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Land Rover Company History

Published: 24th Mar 2011 - 0 Comments - Be the first, contribute now!

Land Rover
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To In 1948, the very first Land Rover hit the road – and the off-road. It was intended to be a stop-gap vehicle by the Rover company, who had to find a way to use-up aluminium in those austere post-war years in order make money through export. Based unashamedly on the WWII Wilys Jeep, it was designed for use by farmers or indeed anyone who needed to get to parts of the countryside where there were no tarmac roads. As stop-gaps go, it’s been pretty successful; some 60 years later, the anniversary year Defender models are directly descended from those first vehicles and you don’t have to squint much to see it. Meantime, it spawned the mighty Range Rover which itself begat the Discovery, both of which are still on the market, albeit in considerably different formats to the originals. The Land Rover story is one of gradual evolution and as such, specifications blurred from model to model and pricing is made more difficult by the fact that the steel chassis made it possible to offer a huge variety of body styles, cheaply; there’s short and long wheelbases, open pickups, full tilt pick-ups, hard-tops and station wagons along with hybrid and specialist vehicles such as fire engines and ambulances – and that’s just the start!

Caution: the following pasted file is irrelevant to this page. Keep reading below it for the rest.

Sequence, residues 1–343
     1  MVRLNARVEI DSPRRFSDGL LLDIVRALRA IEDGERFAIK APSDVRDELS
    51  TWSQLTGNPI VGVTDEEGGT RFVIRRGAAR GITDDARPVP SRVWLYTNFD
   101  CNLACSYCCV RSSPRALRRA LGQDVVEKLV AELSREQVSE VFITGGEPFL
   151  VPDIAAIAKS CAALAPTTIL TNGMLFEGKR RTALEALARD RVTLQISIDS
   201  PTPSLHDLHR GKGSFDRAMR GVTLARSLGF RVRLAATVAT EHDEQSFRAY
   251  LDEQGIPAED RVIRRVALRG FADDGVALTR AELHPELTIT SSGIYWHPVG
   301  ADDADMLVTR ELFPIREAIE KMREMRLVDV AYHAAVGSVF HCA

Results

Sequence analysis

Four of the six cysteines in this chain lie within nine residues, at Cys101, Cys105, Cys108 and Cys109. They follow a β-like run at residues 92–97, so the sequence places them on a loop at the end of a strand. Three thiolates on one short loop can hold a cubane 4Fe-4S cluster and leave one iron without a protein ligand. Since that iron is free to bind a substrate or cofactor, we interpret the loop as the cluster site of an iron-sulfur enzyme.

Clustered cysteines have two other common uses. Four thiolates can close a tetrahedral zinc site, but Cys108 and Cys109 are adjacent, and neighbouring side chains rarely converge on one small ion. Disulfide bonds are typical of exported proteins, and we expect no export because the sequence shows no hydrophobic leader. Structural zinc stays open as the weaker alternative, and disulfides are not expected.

There’s lots of old Landies around from the ‘60s and ‘70s and this is largely due to the fact that they are effectively large kit cars. Most bits of bodywork simply bolt-on and many mechanical bits are interchangeable, not least engines and gearboxes and, of course, there’s a huge network of spares suppliers making most parts easy and cheap to get hold of; some 75 per cent of Landies are still operation in some form it’s claimed.

The introduction of the Range Rover in 1970 was in many ways even more significant than the original as it invented a whole new market sector which thrives today. Costing £1998, by ‘76 it was £8500; today they cost £76,500! Small wonder then that Discovery and Freelander were launched to entice new less affluent buyers, with much success. In fact Land Rover has been a massive success story and the recent sell off of the company by Ford to the giant Indian Tata corporation was done more as a sweetener to make the financial struggling Jaguar brand more attractive than anything else. If reports in the press are any indication, Land Rover’s future looks as bright as the past 60 years!

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